Peter King Is Right: Peyton Manning Is More Than Deserving of the MVP Award
I just got finished reading a fantastic article written by Peter King of Sports Illustrated. The article itself detailed many events around the National Football League but the centerpiece gave us a rare opportunity to hear the untold story of Peyton Manning and what he went through this past offseason.
I, like everyone else have been fully aware that Peyton had knee trouble before the season started. I knew all about the bursa sac that had be removed from his knee, and I was also aware that he needed a second surgery to further address the issue.
What we didn't know was the extent of the struggles Peyton had to go through in order to work his way to where he is today.
Manning's knee began to swell up like a large fruit around the time of last year's Pro Bowl. How he even managed to fly out to Hawaii and play that game is beyond me but after all, this is Peyton Manning where talking about.
The same man many laugh about when they see how dead serious he takes the Pro Bowl. Funny how he also happens to own every Pro Bowl passing record known to man, but that's another story.
Well into the offseason, Peyton continued to struggle with his knee. He had to have large amount of fluid drained from it multiple times before the start of training camp.
Speaking of training camp, it's yet another event most players are less than enthusiastic about, but Peyton Manning is the guy who lives for it.
He had never missed a training camp in his 11-year career, but now it was time to make a decision.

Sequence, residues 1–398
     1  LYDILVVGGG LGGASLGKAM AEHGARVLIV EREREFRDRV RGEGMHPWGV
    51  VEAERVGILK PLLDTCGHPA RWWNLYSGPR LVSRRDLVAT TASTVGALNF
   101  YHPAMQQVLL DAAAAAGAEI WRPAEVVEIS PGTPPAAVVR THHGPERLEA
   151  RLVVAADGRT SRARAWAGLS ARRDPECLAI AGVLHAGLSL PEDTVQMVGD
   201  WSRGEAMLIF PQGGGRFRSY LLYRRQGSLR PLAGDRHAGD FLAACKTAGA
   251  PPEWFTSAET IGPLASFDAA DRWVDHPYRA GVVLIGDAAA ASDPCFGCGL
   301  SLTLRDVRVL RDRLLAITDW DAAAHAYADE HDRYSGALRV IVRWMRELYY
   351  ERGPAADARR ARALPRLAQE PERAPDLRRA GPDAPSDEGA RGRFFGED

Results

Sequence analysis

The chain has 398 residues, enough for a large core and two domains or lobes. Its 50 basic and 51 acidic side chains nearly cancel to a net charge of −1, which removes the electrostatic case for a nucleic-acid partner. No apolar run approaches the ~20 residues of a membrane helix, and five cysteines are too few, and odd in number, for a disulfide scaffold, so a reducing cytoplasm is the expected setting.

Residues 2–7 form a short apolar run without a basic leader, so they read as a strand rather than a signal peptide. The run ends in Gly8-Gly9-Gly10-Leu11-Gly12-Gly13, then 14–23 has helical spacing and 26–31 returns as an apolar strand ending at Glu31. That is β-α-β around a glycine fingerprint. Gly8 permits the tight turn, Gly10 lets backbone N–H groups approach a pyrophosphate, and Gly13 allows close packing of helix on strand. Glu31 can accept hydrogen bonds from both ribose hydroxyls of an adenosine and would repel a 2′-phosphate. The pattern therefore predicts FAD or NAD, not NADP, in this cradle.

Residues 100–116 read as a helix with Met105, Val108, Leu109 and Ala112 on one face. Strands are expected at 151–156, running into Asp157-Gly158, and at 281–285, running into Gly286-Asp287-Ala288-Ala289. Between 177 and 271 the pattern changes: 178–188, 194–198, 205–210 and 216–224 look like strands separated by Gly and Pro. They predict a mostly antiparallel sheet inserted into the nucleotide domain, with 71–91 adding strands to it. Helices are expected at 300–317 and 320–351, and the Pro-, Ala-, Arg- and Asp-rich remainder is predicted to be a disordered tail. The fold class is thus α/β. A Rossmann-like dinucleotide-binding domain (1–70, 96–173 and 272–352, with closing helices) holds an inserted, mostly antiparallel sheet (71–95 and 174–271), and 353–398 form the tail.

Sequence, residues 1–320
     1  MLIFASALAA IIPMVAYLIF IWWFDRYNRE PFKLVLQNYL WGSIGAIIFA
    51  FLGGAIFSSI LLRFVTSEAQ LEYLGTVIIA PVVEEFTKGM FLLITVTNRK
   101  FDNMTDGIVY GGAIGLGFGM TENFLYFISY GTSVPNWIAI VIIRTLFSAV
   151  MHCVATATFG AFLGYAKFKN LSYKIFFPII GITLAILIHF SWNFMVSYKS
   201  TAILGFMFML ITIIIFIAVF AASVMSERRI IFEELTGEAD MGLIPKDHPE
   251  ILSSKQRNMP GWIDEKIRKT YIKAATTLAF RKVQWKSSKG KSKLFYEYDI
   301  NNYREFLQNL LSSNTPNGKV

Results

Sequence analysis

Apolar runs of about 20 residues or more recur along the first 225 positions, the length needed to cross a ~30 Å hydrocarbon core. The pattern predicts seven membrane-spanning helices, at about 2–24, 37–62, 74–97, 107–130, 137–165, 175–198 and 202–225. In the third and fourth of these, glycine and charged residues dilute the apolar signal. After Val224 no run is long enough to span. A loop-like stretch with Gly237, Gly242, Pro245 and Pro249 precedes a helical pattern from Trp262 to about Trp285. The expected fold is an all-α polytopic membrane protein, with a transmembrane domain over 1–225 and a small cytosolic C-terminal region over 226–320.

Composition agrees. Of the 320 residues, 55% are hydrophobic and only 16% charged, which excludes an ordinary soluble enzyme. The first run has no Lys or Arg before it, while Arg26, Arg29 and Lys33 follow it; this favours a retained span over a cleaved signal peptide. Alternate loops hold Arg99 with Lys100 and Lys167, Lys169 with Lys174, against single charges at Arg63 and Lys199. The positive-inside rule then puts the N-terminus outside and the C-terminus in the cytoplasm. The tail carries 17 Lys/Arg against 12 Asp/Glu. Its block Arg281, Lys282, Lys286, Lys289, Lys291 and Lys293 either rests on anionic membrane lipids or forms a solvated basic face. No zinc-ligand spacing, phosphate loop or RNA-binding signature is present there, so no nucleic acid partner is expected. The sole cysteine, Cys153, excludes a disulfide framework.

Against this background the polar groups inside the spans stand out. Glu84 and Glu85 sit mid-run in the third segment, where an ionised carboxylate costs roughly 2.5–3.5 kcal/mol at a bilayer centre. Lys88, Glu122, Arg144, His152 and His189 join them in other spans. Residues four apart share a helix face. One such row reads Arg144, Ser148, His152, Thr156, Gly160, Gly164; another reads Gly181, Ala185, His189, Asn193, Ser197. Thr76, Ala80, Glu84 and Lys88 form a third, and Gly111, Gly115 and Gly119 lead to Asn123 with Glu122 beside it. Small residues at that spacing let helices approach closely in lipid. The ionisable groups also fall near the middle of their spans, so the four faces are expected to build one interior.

He opted for the surgery.
His problems were not over as even after surgery there was still fluid draining into Manning's knee.
Again, he was faced with the harsh option of going in for another surgery or risking the continuation of these knee problems.
Manning again opted for surgery.
The surgery that doctors told him would take 20 sutures in 30 minutes ended up requiring 80 sutures, extending his operation from 30 minutes to three hours.
Yeah, it was that bad.
Now Manning had to face the harsh trials and tribulation involved in rehabbing his injured knee while also getting ready for the regular season.
When Jeff Saturday went down with a knee injury himself, Manning had to focus even more of his time in training a rookie center to not only be able to handle playing in the NFL's most sophisticated offense, but to be prepared to block against some of the best defensive lines in pro football.
Manning struggled during the first seven games of the season and it was obvious that he was far from 100 percent.
Despite the disappointing 3-4 record, the Colts could have easily been 1-6 or 0-7 without the heroics of Peyton Manning.
Following the Monday night loss to Tennessee, Manning stopped requiring the extensive rehab hours he was needing to put in before hand. It was just around this time that Peyton began to excel on the football field as well.
No surprise there.
Over the course of the season, Manning helped lead the Colts to seven fourth quarter comeback after being down by as much as 21, 17, and 14 on multiple occasions.
During the span of this nine-game winning streak, he ranks first in the National Football League in terms of yards, touchdowns, quarterback rating, and wins. Throwing 17 touchdown passes to only three interceptions during that time period.
There have been many outstanding individual players this season, no question about it. But when regarding one player to stand alone as the "most valuable" in the NFL, Peyton Manning is in a league of his own.
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